Contributing Editor: Raymund Paredes
Classroom Issues and Strategies
Bless Me, Ultima is a bildungsroman and can be compared
usefully to other works of this type, notably James Joyce's A Portrait
of the Artist As a Young Man. Another important quality of Bless
Me, Ultima is its heavy reliance on Mexican folklore, particularly
such well-known legends as "La Llorona." There are many collections
of Mexican and Mexican-American folklore that would give students a sense
of the traditions that influence Anaya's novel. I recommend, for example,
Americo Paredes's Folktales of Mexico (which has a very useful introduction)
and Mexican-American Folklore by James O. West. Another important
issue to consider is how Anaya tries to impart a flavor of Mexican-American
culture to his work. In the excerpt from Bless Me, Ultima, Anaya
uses Mexican names, Spanish words and phrases, and focuses on one of the
strongest institutions of Mexican-American life, the Catholic church. If
it is true that much of American culture and literature grow out of Protestantism,
it would be worth examining how those parts of American culture that are
based in Catholicism are distinctive.
Major Themes, Historical Perspectives, and Personal Issues
The protagonist of Bless Me, Ultima is Antonio, who is coming
of age at the conclusion of World War II. Participation in the war has
clearly had a dramatic impact on Antonio's older brothers, who now regard
the rather isolated life of central New Mexico as dull and confining. Clearly,
Antonio's community is in a state of transition and its citizens must face
the inevitability of greater interaction with the world beyond their valley.
Not far from Antonio's community, at White Sands, the atomic bomb is being
tested. Anaya uses the bomb not only to represent the unprecedented capacity
of the human race to annihilate itself but to symbolize the irresistible
encroachment of modern technology not only in rural New Mexico but everywhere.
Perhaps the major question that Anaya confronts is how Mexican-Americans
can retain certain key traditional values while accepting the inevitability--and
desirability--of change. In dealing with this issue, Anaya places the boy
Antonio under the tutelage of the wise curandera (folkhealer), Ultima,
who prepares her charge for the future by grounding him in the rich Spanish
and Indian cultures of his past. For Ultima, tradition is not confining
One of the striking characteristics of Bless Me, Ultima is its
critical stance towards Catholicism, which is presented here as rigid,
intimidating, and, at least to Antonio and his friends, largely unintelligible.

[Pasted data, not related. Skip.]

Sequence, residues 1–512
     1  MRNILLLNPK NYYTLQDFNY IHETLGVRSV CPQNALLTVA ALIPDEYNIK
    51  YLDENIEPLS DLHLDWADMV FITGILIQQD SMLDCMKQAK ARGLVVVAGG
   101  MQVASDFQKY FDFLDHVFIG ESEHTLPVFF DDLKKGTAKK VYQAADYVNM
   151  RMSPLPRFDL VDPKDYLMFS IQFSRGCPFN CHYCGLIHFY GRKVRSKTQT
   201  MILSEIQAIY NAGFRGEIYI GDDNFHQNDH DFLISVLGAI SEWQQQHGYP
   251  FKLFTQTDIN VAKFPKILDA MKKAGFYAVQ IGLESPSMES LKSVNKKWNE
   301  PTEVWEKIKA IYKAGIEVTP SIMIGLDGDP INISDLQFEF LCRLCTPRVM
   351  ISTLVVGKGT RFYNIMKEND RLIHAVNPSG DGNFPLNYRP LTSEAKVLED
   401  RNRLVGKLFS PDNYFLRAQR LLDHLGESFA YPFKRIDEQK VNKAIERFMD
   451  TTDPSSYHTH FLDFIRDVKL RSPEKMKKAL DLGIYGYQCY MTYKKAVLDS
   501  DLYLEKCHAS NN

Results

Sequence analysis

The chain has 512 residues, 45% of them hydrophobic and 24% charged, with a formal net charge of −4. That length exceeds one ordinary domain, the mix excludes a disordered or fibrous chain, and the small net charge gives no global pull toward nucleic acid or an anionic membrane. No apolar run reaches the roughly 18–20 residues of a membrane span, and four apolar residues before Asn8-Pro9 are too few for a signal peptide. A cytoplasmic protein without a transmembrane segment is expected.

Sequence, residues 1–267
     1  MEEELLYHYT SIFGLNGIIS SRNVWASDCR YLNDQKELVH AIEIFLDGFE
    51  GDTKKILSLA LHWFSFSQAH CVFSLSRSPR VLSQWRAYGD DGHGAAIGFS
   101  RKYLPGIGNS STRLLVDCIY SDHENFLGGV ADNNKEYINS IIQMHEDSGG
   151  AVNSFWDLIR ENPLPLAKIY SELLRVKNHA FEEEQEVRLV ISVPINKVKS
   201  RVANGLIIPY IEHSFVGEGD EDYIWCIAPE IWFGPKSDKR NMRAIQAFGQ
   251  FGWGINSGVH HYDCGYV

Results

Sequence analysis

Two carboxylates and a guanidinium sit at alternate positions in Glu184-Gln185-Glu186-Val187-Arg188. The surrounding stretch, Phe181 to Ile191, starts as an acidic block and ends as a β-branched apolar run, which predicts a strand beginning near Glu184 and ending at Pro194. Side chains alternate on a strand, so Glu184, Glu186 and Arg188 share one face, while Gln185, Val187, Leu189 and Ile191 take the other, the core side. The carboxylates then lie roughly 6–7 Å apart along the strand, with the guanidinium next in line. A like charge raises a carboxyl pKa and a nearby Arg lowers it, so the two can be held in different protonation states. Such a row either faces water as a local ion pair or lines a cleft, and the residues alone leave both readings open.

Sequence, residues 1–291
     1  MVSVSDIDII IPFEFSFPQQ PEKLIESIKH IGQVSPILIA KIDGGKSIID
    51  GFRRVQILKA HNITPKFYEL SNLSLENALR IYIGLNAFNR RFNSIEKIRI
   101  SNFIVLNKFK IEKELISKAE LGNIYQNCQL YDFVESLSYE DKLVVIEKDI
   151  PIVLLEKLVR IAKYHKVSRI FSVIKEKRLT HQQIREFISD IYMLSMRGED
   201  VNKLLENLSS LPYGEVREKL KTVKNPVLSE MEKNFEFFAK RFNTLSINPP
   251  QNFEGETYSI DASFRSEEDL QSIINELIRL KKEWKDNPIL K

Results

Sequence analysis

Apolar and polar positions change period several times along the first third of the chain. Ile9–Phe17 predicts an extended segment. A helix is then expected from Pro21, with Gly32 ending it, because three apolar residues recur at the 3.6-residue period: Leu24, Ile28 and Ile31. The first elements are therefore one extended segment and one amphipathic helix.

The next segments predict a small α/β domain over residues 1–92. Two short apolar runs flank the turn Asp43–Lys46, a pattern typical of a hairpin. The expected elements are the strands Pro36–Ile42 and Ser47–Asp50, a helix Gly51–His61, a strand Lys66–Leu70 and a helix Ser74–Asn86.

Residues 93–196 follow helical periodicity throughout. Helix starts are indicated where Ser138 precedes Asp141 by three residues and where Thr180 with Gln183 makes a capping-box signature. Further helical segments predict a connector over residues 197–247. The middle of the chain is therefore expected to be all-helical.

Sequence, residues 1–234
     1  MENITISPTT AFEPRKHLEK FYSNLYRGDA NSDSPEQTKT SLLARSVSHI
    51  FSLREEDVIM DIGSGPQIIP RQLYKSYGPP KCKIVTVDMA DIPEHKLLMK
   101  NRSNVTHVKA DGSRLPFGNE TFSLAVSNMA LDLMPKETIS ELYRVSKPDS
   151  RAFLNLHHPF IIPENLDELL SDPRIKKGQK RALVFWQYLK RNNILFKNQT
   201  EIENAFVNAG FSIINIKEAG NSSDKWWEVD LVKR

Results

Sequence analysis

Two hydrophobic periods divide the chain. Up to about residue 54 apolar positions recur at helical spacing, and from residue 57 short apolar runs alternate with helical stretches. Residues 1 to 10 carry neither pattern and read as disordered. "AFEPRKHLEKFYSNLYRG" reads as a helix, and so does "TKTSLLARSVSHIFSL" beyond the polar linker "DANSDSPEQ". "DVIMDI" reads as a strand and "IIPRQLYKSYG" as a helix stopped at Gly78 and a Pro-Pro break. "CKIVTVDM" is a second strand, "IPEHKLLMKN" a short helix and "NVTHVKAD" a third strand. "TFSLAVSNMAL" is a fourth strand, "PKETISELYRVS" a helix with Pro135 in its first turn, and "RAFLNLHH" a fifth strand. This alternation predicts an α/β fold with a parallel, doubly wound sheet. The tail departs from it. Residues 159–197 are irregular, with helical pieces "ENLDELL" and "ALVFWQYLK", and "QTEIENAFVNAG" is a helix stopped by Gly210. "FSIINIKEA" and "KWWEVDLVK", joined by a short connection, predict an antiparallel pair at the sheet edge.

The Catholic God is punishing while Antonio and his friends long for a
nurturing deity. In attacking certain aspects of Catholicism, Anaya follows
a long line of Latin American, Mexican, and Chicano writers including José
Antonio Villarreal and s
Significant Form, Style, or Artistic Conventions
Bless Me, Ultima is a fairly conventional novel structurally,
although Anaya does use such devices as stream of consciousness, flashbacks,
and shifting narrators. As noted above, the key formal and stylistic question
is how Anaya attempts to present his novel as a distinctly Chicano
work of fiction. Again, Anaya employs Spanish words and names (a boy called
Florence, for example, from the Spanish "Florencio") and focuses
on important cultural events in Chicano experience. But for the most part,
in terms of formal qualities and structure, Bless Me, Ultima is
very much a contemporary American novel.
Bless Me, Ultima is a work that intends to explain and depict
Mexican-American culture in New Mexico for a general American audience.
Nevertheless, Anaya's presentation of Mexican-American culture is relatively
"thick" so as to appeal to Chicano readers as well.
Comparisons, Contrasts, Connections
Bless Me, Ultima has clearly been influenced by Joyce's A
Portrait of the Artist as a Young Man. Another interesting juxtaposition
is with Native Son, Wright's
account of a young man--older than Antonio-- who comes of age without much
of a sense of his past and with few prospects in the harsh, urban environment
of Chicago. Anaya's presentation of the Catholic Church can be fruitfully
compared to that of José Antonio Villarreal in Pocho; Anaya's
focus on Mexican-American childhood is complemented nicely by s
Rivera's . . . y no sé lo tragó la tierra and
Sandra Cisneros's The
House on Mango Street.
Questions for Reading and Discussion/ Approaches to Writing
1. The excerpt from Bless Me, Ultima focuses on events surrounding
Lent. Students can be asked to write about their experiences of this occasion
or other important religious events. Comparing different sorts of religious
experiences could be very useful.
2. As Anaya presents Catholicism, the Church emphasizes punishment and
damnation rather than forgiveness and salvation. What is the effect on
Antonio and his friends? How do they respond to church practices and rituals?
Do students have any ideas about how religion might be presented to children
more positively and successfully?
3. Have the students consider the bildungsroman as a literary
form. Why is it so enduring? How would the students write one of their
own lives? What would be the central experiences they would focus on?
See headnote in The Heath Anthology.